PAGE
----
Type 2 diabetes increases risk of blood cancers

Type 2 diabetes increases the risk of developing blood cancers by more than 20 percent, according to the journal Blood.

Researchers from The Miriam Hospital in Providence, Rhode Island analyzed data from 26 studies that evaluated an association between diabetes and the blood cancers lymphoma, leukemia and myeloma. It included more than 17,000 cases of type 2 diabetes and blood cancer worldwide.

They found that people with type 2 diabetes had a 22 percent increased risk of developing non-Hodgkin lymphoma, leukemia and myeloma compared to people without type 2 diabetes.

There was also an increased risk of a subtype of non-Hodgkin lymphoma called peripheral T-cell lymphoma.

Researchers found no associated risk for developing Hodgkin lymphoma.

Unexpected association with blood cancers

“I think when most people think about diabetes-related illnesses, they think of heart disease or kidney failure, but not necessarily cancer,” said lead author Jorge Castillo, MD, hematologist/oncologist in an article by The Miriam Hospital, a major teaching affiliate of Brown University’s Alpert Medical School.

He continued, “But when you consider that more than 19 million Americans have been diagnosed with diabetes--not to mention the millions more who are either undiagnosed or will be diagnosed in the future--a 20 percent increased risk of blood cancer is quite significant.”

The statistics suggest that type 2 diabetes could be associated with approximately five percent of all incidents of leukemia, myeloma, and non-Hodgkin lymphoma.

Other possible risk factors

The study did not identify a cause for any of these associations.

Researchers say that further studies should evaluate the effect of other factors on the development of blood cancers. Obesity, dietary habits, physical activity, and/or antidiabetic therapy are potential risk factors not evaluated in this study.

“It’s important to remember that type 2 diabetes can, to some degree, be prevented and controlled through lifestyle modification, such as diet and exercise,” said Castillo. “So by preventing the onset of type 2 diabetes, we could also prevent blood cancer.”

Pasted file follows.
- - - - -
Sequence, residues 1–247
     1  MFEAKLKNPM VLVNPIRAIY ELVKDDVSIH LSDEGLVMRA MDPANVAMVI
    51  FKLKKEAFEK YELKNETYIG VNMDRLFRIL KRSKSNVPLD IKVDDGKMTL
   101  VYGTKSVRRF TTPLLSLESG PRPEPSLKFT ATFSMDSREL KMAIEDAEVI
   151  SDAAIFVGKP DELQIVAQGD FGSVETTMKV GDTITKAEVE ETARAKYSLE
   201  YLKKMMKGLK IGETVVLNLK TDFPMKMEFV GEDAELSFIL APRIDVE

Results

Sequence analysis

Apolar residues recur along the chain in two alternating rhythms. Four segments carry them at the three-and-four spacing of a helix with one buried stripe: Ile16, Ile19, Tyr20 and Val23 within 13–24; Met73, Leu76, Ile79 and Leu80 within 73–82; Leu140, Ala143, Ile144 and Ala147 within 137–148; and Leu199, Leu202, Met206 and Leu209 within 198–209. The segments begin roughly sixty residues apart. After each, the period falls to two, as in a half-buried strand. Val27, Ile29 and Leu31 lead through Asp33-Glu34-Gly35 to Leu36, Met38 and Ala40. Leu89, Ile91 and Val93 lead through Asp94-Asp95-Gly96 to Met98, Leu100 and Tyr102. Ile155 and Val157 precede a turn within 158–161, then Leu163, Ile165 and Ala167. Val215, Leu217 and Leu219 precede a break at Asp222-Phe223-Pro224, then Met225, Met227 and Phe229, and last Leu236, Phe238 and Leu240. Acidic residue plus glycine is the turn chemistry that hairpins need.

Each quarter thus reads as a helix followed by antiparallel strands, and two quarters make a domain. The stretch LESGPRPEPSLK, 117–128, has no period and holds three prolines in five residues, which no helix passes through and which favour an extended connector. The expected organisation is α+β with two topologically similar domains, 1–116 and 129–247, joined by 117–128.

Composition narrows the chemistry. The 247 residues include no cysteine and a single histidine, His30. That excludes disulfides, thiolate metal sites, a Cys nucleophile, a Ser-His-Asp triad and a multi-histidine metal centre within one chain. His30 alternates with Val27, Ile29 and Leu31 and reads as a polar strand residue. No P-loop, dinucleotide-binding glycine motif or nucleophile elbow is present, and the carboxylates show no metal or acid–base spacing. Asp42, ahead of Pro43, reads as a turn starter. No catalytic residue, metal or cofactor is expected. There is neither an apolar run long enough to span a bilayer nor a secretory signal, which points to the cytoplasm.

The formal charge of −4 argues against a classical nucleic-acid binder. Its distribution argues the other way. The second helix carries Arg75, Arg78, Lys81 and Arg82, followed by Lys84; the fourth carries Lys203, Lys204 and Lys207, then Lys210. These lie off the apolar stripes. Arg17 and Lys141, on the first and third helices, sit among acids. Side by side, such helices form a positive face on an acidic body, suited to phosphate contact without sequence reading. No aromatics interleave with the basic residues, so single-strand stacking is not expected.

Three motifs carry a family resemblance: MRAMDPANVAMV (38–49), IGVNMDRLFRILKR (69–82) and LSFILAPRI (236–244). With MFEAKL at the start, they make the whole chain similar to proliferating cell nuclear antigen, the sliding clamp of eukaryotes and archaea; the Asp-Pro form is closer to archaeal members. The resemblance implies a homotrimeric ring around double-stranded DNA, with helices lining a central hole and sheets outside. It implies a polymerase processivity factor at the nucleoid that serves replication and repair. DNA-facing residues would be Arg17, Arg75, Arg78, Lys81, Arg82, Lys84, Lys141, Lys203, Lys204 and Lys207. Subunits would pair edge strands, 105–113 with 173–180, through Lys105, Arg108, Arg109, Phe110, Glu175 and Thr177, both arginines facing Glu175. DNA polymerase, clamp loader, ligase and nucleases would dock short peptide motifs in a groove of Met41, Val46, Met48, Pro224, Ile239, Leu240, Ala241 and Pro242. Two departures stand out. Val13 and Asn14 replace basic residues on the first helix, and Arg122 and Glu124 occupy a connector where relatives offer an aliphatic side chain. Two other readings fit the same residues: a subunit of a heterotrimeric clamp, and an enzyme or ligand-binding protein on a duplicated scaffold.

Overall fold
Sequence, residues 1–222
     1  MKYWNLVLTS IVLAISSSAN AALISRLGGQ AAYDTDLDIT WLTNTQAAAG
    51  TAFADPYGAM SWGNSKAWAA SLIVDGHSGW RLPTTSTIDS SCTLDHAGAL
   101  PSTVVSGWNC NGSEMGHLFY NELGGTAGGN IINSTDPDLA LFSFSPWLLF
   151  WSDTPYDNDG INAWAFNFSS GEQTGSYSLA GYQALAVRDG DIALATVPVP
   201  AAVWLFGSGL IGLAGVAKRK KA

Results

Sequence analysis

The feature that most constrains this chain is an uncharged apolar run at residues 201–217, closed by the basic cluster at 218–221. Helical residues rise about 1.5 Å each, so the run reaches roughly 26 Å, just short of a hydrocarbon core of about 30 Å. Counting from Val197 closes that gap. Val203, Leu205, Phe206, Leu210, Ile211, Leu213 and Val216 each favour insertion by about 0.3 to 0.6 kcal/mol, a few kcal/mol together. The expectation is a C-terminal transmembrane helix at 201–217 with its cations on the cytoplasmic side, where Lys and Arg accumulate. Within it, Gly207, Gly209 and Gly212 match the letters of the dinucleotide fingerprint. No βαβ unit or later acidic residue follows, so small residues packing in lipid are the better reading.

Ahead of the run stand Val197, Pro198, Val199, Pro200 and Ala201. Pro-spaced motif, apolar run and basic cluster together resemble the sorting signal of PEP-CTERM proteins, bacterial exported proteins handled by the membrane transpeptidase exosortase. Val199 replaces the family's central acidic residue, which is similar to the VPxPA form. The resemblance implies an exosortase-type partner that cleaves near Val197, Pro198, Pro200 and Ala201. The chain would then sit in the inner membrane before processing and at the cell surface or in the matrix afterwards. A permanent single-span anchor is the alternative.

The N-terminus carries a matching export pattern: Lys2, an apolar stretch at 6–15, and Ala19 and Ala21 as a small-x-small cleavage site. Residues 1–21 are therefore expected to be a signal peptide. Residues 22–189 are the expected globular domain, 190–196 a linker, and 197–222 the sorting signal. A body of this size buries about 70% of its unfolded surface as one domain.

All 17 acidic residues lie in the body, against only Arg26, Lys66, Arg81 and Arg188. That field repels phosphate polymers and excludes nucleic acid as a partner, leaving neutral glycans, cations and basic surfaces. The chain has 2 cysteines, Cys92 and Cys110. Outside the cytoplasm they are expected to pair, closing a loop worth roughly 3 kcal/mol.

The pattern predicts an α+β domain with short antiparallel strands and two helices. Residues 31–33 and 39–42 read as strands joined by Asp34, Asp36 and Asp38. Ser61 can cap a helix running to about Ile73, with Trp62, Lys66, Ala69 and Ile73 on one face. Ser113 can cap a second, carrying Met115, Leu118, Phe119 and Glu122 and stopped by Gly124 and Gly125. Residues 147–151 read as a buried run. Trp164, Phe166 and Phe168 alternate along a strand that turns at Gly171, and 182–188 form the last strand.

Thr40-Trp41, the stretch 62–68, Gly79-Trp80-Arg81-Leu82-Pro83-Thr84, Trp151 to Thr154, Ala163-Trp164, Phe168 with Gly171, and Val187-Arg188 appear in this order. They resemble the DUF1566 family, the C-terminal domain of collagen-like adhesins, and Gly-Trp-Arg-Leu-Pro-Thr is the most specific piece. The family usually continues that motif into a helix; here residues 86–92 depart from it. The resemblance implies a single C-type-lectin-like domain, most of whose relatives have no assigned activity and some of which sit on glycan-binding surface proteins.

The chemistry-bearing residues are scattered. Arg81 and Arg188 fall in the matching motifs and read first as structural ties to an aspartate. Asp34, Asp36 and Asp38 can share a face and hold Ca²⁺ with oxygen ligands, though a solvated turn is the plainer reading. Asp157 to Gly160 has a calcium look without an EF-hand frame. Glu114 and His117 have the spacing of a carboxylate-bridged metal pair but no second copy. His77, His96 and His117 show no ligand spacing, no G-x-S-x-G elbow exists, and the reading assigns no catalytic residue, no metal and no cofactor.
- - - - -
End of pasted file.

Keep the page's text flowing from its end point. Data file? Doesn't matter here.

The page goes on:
The odds of developing lymphoma, leukemia and myeloma differ depending on the geographic region, according to The Miriam Hospital. The rates of non-Hodgkin lymphoma were higher in Asia and Europe, while the odds for developing leukemia are higher in the US and Asia.

Sources: Blood, The Miriam Hospital

More Articles

Diabetic shoes are important as a common side effect of diabetes is "peripheral neuropathy," which causes loss of sensation in the extremities....

There’s something inherently playful about bouncing, which is why so many people enjoy rebounding. Rebounding, or exercising on a mini-trampoline...

Do not let pictures of yoga experts with their bodies twisted into bizarre, compact shapes fool you. Even people with stiff muscles, creaky joints...

One of the hardest parts about adopting a low-carb diet is giving up traditional baked goods and sweets. The good news, however, is that low-carb...

Insulin injections are a way of life for many people with type 1 or type 2 diabetes, but for some people, they can be a little intimidating at...

More Articles

Experts estimate that somewhere in the world a person with diabetes will lose a lower extremity every half minute due to a wound. One of the...

One of the hardest parts about adopting a low-carb diet is giving up traditional baked goods and sweets. The good news, however, is that low-carb...

Anyone can develop a fungal skin infection, but people with diabetes are more prone to them. A common cause of fungal infections in those with...

Many diabetics struggle to control the sudden blood sugar spikes that can occur after meals. Knowing why blood sugar spikes happen and making...

Do not let pictures of yoga experts with their bodies twisted into bizarre, compact shapes fool you. Even people with stiff muscles, creaky joints...

People often get diabetes and hypoglycemia confused with one another, believing that they are two different names for the same condition. In...

Diabetes is a health condition that disrupts the body’s normal production of insulin. Currently, more than one million Americans are diagnosed...

Insulin injections are a way of life for many people with type 1 or type 2 diabetes, but for some people, they can be a little intimidating at...

With diabetes, it all used to be really simple: Type 1 diabetes was known as “childhood-onset,” and type 2 was “adult-onset” diabetes. The cause...

There’s something inherently playful about bouncing, which is why so many people enjoy rebounding. Rebounding, or exercising on a mini-trampoline...

Everyone from grandmothers to physicians tout oatmeal's wholesome goodness and health benefits. But, is oatmeal good for diabetics? Limited...

A common complication associated with diabetes is swollen feet. The swelling can...

Stomach aches and other gastrointestinal pains can be signs of a bigger problem. One such problem for diabetics is gastroparesis, or delayed...

The medical community relies heavily on the goodwill of its citizens, as giving blood and organ donations help save thousands of lives every year...

There are several misconceptions about Diabetes. Learn more about the top misconceptions vs. facts surrounding Type 2 Diabetes below.

86...